Chants Of “You’ve Done Nothing!!!!” Could Be Heard From The Senate Gallery.
Image Credit: capitol.tn.gov
The Tennessee Conservative [By Jason Vaughn] –
The Tennessee Senate met yesterday for the 3rd day of Governor Lee’s Extraordinary session and passed three bills proposed by Lee and one dealing with appropriations for school safety, mental health and paying for the Special Session itself.
Dozens of bills were submitted for Governor Lee’s Special Session, but on Tuesday, the Senate Judiciary Committee adjourned with only three bills being heard and the remainder being tabled.
The three bills that were passed yesterday were all proposed by Governor Lee and carried by Senate Majority Leader Jack Johnson (R-Franklin-District 27) and House Majority Leader William Lamberth (R-Portland-District 44).
The bills that were passed, along with additional information, are listed below:
Summary – Firearms and Ammunition – Amends TCA Title 39, Chapter 17, Part 13 and Title 67, Chapter 6, Part 3. As introduced, directs the department of safety to provide free firearm locks to Tennessee residents upon request; requires department-approved handgun safety courses to contain instruction on the safe storage of firearms; exempts the retail sale of firearm safes and firearm safety devices from sales and use taxes beginning November 1, 2023; defines firearm safes and firearm safety devices.
The bill was presented by Senator Adam Lowe (R-Calhoun-District 1) who explained that there is no requirement in the legislation to make people use firearm locks, whether free or not.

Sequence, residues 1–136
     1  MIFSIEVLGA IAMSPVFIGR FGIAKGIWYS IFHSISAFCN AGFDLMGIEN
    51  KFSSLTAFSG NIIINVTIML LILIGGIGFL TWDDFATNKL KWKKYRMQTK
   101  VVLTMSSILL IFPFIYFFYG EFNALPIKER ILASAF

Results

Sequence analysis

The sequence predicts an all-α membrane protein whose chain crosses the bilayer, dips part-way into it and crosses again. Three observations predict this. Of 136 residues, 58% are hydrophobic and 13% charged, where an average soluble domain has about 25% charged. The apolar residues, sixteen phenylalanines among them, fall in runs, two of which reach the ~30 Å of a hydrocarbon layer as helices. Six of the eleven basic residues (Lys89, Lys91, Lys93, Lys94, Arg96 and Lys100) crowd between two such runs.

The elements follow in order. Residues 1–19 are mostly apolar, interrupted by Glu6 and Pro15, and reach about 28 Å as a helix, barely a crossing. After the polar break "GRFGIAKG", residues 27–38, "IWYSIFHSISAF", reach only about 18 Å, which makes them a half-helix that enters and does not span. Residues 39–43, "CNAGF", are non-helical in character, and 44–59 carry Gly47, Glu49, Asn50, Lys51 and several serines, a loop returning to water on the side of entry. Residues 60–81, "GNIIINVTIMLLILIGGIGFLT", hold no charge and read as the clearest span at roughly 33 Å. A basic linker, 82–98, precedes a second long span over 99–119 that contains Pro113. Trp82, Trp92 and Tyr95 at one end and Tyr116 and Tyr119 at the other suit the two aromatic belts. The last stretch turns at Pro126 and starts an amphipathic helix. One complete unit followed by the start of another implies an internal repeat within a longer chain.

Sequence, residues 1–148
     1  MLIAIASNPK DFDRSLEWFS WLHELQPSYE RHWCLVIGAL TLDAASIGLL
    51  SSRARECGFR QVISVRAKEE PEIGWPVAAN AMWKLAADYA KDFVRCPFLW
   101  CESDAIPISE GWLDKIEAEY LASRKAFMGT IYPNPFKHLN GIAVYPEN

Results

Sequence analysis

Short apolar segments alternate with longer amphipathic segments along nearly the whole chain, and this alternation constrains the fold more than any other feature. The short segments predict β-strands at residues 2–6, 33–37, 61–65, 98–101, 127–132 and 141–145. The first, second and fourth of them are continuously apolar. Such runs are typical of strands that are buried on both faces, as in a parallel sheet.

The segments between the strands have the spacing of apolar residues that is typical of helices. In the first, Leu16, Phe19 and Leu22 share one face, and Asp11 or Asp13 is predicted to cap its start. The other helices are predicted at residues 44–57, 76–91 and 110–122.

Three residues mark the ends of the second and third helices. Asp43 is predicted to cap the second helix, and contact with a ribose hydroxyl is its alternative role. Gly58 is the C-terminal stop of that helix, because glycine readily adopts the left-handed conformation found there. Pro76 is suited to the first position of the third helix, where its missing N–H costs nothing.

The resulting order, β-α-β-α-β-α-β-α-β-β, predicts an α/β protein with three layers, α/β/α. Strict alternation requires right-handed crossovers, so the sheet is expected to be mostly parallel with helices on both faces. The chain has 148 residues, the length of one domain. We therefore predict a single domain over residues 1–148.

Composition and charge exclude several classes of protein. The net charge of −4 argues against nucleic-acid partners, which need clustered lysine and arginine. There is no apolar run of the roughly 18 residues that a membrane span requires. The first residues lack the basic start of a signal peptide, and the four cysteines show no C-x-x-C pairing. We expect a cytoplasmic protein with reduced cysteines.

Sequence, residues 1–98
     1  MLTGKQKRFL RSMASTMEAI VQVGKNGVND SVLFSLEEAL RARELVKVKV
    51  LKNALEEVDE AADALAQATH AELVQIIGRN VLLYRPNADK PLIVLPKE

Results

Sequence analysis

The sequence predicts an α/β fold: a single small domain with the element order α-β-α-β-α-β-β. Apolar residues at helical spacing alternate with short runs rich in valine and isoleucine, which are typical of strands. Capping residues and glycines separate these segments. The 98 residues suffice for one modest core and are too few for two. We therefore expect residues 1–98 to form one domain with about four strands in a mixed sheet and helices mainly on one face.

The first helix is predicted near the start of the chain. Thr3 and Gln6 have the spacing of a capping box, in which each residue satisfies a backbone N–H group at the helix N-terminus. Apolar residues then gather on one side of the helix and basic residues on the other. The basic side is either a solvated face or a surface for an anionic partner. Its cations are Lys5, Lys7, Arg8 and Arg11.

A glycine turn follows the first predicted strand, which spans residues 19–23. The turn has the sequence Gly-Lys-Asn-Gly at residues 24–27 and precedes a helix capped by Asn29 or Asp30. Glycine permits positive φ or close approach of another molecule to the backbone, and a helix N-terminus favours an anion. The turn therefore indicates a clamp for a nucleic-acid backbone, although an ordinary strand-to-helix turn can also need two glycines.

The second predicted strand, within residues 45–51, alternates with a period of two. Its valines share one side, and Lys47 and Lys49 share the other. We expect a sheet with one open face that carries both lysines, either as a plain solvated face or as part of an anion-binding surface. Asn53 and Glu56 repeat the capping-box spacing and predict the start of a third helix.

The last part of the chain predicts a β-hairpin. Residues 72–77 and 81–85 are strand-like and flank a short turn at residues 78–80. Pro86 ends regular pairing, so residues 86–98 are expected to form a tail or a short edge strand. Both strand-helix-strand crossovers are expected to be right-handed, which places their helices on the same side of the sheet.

Senator Todd Gardenhire (R-Chattanooga-District 10) also explained that an amendment added would not require enhanced carry permit owners to acquire additional training on usage of firearm locks.
The bill passed with 28 Ayes and 1 No vote.
Summary – Clerks, Court – Amends TCA Title 16, Chapter 18 and Title 18, Chapter 4. As introduced, changes from 30 days to 72 hours the time frame within which a clerk of the circuit or general sessions court must notify the TBI of the final disposition of criminal proceedings against a person after final disposition of such proceedings; requires the clerk to notify the TBI of the final disposition of such proceedings by electronic submission; requires the clerk of the municipal court, when exercising concurrent general sessions court jurisdiction, to notify the TBI by electronic submission of the final disposition of such proceedings against a person no later than 72 hours after final disposition of such proceedings.
The bill passed with 28 Ayes and 0 No votes.